The east Mediterranean island has been divided since 1974 when Turkish troops invaded and later occupied its northern third.
Cyprus is one of the world's longest-running political crises and the talks that began in the Alpine resort of Crans-Montana last week have been billed as the best chance for a lasting solution.
The east Mediterranean island has been divided since 1974 when Turkish troops invaded and later occupied its northern third in response to an Athens-inspired putsch seeking union with Greece.
At the end of last week, UN Secretary General Antonio Guterres hailed the talks as "highly constructive" and "a historic opportunity to reach a comprehensive settlement to the conflict that has divided Cyprus for too many decades."
But on Monday the sides seemed to take a less than conciliatory line.
"The Greek position remains that ... the occupying troops must leave," Kotzias said following a morning meeting in Crans-Montana, according to a foreign ministry statement.
Turkey maintains more than 35,000 troops there, and any prospects of reunification largely hinge on a drastic reduction of Ankara's military presence.
But Turkish Deputy Prime Minister Numan Kurtulmus told media in Ankara Monday that "Turkey will not step back on the issue of security and guarantees."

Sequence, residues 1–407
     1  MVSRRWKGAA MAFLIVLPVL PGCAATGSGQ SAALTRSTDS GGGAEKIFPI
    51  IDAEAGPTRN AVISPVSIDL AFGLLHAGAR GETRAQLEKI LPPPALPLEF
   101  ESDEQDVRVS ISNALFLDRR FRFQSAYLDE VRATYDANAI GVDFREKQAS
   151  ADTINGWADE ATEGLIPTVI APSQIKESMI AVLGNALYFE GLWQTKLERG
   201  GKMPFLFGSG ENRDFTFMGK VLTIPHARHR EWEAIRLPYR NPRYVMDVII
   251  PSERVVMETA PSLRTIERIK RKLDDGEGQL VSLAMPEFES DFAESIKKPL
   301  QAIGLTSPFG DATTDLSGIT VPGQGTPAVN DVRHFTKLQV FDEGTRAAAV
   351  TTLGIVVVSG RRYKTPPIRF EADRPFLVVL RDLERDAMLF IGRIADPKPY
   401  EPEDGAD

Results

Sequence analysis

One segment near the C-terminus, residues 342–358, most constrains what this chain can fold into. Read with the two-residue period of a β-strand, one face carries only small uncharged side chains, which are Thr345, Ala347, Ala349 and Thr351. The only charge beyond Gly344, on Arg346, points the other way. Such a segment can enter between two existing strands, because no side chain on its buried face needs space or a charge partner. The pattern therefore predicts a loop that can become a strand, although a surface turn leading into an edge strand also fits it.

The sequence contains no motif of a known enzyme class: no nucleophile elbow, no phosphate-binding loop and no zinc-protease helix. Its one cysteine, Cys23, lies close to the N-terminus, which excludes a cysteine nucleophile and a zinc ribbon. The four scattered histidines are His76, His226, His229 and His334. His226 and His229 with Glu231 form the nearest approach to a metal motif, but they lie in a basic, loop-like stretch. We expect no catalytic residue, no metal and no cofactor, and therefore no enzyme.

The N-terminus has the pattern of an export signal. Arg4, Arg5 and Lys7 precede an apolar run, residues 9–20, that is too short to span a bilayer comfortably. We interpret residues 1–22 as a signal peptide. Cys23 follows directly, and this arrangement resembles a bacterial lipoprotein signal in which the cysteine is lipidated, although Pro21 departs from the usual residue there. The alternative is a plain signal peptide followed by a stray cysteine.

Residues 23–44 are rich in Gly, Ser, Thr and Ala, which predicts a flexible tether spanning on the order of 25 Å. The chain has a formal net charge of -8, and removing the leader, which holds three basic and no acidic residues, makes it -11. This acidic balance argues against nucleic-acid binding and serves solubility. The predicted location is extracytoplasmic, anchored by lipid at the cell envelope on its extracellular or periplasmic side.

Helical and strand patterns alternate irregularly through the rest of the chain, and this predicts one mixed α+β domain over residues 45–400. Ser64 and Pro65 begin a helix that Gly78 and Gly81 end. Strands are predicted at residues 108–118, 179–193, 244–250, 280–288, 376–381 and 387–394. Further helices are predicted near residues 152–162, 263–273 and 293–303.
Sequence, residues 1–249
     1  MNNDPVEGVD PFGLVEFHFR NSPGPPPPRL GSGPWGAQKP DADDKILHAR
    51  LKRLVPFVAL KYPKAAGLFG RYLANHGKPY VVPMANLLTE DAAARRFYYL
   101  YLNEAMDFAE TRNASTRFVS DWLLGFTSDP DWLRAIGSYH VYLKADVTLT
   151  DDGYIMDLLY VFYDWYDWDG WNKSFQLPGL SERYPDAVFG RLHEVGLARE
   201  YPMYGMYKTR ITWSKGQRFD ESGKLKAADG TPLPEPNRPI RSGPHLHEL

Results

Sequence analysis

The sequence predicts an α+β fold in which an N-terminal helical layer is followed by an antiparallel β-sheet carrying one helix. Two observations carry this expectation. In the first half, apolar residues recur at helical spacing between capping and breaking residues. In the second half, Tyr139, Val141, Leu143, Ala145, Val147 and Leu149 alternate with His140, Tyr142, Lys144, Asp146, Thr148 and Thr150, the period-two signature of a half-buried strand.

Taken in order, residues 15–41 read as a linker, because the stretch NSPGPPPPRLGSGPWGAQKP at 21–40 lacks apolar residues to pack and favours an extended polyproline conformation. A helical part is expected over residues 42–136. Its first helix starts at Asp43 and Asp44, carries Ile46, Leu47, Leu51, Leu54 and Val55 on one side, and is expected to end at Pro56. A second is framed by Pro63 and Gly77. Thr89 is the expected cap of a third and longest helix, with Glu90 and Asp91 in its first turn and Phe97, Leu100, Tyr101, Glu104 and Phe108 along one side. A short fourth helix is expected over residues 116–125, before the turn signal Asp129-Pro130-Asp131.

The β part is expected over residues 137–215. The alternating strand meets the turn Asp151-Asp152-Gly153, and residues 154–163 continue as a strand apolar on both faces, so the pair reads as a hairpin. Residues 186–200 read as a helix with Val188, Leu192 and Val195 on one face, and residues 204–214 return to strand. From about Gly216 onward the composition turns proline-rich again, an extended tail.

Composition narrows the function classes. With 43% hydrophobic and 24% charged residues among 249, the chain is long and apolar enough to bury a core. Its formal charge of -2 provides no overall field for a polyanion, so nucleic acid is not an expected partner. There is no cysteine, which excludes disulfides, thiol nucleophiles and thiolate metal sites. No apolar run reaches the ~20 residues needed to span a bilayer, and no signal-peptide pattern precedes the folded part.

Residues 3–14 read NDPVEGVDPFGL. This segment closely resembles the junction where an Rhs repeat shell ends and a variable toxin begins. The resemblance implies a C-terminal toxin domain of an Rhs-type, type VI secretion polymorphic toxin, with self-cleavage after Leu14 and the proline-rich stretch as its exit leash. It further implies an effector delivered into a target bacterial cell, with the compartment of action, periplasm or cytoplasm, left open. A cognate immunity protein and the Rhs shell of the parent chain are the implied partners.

"Our position on this issue will not change," he insisted.
Several previous peace drives have stumbled over the issue, with Greek Cypriots demanding a total withdrawal of what they say is an occupying force and minority Turkish-speakers fearful of ethnic violence in the event of a pullout.
A diplomatic source told AFP before the talks began that Ankara was prepared to slash its troop numbers by as much as 80 percent, but Foreign Minister Mevlut Cavusoglu flatly denied that any such withdrawal was planned.
Kotzias also lamented Monday the slow pace of the discussions, which are being headed by President Nicos Anastasiades, the Greek-Cypriot leader, and his Turkish-Cypriot counterpart Mustafa Akinci.
They are joined at the discussions by delegations from Cyprus's so-called guarantor powers of Greece, Turkey and Britain.
"We agreed on Friday to discuss two questions posed by (UN envoy Espen Barth) Eide on the security issue, ... but the (in-depth) discussions have not started. We started with procedural issues," Kotzias said.
He said there was growing pressure to call in the guarantor power prime ministers, but warned this would be "premature" since "we are in the sixth day and the (in-depth) discussions have not begun."